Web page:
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Aegidius Hunnius

Aegidius Hunnius the Elder (December 21, 1550 Winnenden – April 4, 1603 Wittenberg) was a Lutheran theologian of the Lutheran scholastic tradition and father of Nicolaus Hunnius.

Hunnius went rapidly through the preparatory schools of Württemberg, and studied from 1565 to 1574 at Tübingen. In 1576 Jacob Heerbrand recommended him as professor to the University of Marburg, where Hunnius exerted himself to do away with all compromises and restore Lutheran orthodoxy. He gained many adherents, and the consequence was a split in the State Church of Hesse which finally led to the separation of Upper and Lower Hesse. The cardinal point of all controversies was the doctrine of ubiquity which Hunnius maintained in his writing De persona Christi. Bartholomäus Meier, one of Landgrave William's theologians, replied, but could not prevail against Hunnius' learned eloquence. In 1592 Hunnius removed to Wittenberg. In the electorate of Saxony, Calvinism had made great headway under the elector Christian, but his successor, Duke Frederick William, desired to introduce Lutheran orthodoxy, and for this purpose called the Swabian theologians, among them Hunnius, to Wittenberg. Immediately after his arrival he was made member of a committee on visitation, instituted for the purpose of purifying the country from Calvinism (see: Saxon Visitation Articles). For the same purpose he was called into other German territories, as, for instance, into Silesia by Duke Frederick of Liegnitz. Hunnius was the most able representative of the Swabian theology of Johannes Brenz, and consequently of the doctrine concerning the majesty and omnipresence of Christ as man. But he advanced the Lutheran cause also in reference to other doctrines, and his influence is traceable in the development of Lutheran dogmatics after his time. The later doctrine concerning the authority of Holy Scripture is based upon Hunnius' Tractatus de maiestate, fide, autoritate et certitudine sacrae scripturae. In the same way he established the orthodox Lutheran doctrine of predestination by following John of Damascus in his distinction between voluntas antecedens and consequens, and considering faith as the instrumental cause of election.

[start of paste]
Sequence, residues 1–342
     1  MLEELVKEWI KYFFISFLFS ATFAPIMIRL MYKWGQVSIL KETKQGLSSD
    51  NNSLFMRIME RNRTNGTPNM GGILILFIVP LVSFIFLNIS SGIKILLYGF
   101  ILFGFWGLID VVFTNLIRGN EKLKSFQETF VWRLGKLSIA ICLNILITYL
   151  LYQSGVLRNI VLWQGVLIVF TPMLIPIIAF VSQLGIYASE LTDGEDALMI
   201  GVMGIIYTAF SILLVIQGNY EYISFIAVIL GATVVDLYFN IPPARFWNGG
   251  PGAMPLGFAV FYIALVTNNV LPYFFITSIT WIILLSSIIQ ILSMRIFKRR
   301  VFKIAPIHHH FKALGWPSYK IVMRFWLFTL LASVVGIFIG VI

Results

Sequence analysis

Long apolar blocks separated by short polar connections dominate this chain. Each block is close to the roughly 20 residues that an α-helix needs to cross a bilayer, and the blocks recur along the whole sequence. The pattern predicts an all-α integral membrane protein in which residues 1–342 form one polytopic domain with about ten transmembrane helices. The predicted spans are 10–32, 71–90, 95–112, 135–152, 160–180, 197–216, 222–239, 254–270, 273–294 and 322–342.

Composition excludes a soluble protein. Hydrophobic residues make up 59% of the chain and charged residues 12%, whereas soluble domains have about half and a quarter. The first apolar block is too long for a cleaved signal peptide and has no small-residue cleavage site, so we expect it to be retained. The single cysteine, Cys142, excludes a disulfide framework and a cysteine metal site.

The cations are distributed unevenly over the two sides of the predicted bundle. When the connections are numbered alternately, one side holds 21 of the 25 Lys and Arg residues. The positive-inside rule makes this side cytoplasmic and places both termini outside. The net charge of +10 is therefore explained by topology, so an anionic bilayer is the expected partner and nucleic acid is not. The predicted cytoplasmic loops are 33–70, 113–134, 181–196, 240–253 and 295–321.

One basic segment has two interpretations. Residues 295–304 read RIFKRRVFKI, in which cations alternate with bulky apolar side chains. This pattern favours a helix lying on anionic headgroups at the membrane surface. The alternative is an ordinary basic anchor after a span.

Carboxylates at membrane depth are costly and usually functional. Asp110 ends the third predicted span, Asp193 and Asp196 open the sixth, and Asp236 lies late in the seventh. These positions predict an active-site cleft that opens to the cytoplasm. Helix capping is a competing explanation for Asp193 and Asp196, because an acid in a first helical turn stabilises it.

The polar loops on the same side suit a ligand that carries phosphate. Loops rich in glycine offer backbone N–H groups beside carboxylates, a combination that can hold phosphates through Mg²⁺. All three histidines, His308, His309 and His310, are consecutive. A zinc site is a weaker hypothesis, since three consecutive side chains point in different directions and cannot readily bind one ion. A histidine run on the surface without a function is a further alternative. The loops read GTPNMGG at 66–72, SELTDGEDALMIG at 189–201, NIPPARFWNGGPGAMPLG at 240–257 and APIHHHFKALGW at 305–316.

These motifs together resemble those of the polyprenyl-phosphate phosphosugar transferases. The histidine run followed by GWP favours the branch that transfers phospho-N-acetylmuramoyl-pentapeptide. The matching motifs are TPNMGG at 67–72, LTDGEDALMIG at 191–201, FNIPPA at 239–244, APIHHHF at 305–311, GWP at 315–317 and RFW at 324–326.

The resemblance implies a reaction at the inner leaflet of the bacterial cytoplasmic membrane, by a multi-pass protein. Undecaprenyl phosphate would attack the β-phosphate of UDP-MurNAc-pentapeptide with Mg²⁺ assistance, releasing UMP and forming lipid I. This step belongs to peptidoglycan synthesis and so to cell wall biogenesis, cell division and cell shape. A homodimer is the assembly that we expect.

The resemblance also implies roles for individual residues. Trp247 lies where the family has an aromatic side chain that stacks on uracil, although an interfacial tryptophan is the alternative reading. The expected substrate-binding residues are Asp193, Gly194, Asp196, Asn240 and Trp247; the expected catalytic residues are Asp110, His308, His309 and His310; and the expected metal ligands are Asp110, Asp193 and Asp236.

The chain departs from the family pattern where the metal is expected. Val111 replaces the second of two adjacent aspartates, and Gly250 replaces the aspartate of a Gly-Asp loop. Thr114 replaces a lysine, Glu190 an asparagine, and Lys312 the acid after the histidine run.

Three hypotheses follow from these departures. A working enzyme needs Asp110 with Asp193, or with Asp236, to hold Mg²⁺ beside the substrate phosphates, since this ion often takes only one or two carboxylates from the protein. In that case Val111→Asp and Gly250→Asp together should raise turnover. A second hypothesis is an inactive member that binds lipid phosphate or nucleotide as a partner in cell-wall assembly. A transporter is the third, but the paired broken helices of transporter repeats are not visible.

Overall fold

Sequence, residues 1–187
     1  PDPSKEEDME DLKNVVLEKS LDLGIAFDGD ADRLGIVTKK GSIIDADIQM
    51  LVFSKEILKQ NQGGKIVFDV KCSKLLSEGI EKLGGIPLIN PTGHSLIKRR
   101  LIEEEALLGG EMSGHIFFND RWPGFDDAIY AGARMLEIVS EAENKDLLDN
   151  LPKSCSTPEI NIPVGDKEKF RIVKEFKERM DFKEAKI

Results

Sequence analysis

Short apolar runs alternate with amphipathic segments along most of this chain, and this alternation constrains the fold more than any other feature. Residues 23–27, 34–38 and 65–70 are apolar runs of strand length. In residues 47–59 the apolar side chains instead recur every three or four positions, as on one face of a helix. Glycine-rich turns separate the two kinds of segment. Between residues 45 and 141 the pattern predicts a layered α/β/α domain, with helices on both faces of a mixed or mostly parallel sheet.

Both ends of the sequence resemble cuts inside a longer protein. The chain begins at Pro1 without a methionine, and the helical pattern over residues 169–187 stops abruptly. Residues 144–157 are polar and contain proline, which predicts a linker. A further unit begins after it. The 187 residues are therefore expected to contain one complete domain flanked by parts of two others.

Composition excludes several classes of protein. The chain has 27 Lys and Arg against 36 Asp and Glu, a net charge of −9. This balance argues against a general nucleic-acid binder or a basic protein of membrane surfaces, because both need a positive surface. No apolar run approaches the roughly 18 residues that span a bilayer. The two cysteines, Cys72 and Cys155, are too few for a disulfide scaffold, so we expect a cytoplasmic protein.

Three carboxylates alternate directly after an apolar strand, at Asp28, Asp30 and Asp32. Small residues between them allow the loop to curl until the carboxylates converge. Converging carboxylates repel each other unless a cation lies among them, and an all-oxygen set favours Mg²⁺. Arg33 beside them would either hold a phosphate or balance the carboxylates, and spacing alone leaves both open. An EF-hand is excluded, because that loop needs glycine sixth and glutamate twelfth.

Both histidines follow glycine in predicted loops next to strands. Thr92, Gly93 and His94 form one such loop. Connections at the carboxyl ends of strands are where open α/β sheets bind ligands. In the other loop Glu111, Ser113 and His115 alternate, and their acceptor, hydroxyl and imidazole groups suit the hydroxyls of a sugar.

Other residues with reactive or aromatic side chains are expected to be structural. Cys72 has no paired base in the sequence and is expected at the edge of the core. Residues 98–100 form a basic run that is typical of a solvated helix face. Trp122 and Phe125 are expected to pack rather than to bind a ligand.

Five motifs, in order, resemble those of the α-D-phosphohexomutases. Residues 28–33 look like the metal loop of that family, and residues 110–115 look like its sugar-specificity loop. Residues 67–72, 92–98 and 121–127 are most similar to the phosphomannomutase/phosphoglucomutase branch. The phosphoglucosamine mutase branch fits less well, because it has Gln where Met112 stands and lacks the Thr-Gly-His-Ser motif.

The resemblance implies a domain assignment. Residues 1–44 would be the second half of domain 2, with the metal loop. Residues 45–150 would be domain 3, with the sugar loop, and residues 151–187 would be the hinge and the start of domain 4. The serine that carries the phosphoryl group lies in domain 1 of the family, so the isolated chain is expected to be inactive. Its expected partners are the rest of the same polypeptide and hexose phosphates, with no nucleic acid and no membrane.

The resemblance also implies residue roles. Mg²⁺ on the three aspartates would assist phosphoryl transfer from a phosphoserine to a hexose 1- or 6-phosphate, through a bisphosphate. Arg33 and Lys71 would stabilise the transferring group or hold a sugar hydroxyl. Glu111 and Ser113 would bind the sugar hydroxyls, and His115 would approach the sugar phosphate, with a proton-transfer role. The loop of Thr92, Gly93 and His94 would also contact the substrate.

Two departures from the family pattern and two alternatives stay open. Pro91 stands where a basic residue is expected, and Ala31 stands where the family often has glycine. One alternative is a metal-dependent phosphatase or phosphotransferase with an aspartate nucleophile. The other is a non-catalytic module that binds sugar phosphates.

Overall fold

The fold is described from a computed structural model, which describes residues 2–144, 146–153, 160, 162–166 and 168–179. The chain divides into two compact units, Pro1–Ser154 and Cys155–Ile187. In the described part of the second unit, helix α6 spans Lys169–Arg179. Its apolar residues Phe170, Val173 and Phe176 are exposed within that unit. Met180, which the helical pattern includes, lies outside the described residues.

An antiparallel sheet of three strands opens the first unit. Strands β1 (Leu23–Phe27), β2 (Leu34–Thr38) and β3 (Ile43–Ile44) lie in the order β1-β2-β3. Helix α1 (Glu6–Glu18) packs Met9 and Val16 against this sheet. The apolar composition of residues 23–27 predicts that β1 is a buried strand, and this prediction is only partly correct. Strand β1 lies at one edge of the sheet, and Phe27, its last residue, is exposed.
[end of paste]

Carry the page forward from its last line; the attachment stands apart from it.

The literary activity of Hunnius was mainly polemical. His most important works are De persona Christi (1585), which is an enlargement of an earlier treatise entitled Bekenntnis von der Person Christi (1577); Tractatus de maiestate, fide, autoritate et certitudine sacrae scripturae (1588); Calvinus iudaizans, sive Judaicae glossae et corruptelae in explicandis testimoniis Scripturae Sacrae de trinitate, etc. (1593); Anti-Parens (1594); and Anti-Parens alter (1599). He wrote also numerous dogmatic monographs and commentaries on the Gospels of Matthew and John, the Epistles of Paul, and the first Epistle of John. He composed several Biblical dramas in Latin, among them Josephus, comaedia sacra, which was presented at Strasburg in 1597. A complete edition of his Latin writings was edited by his son in-law, H. Garthius (5 vols., Wittenberg, 1607–09).


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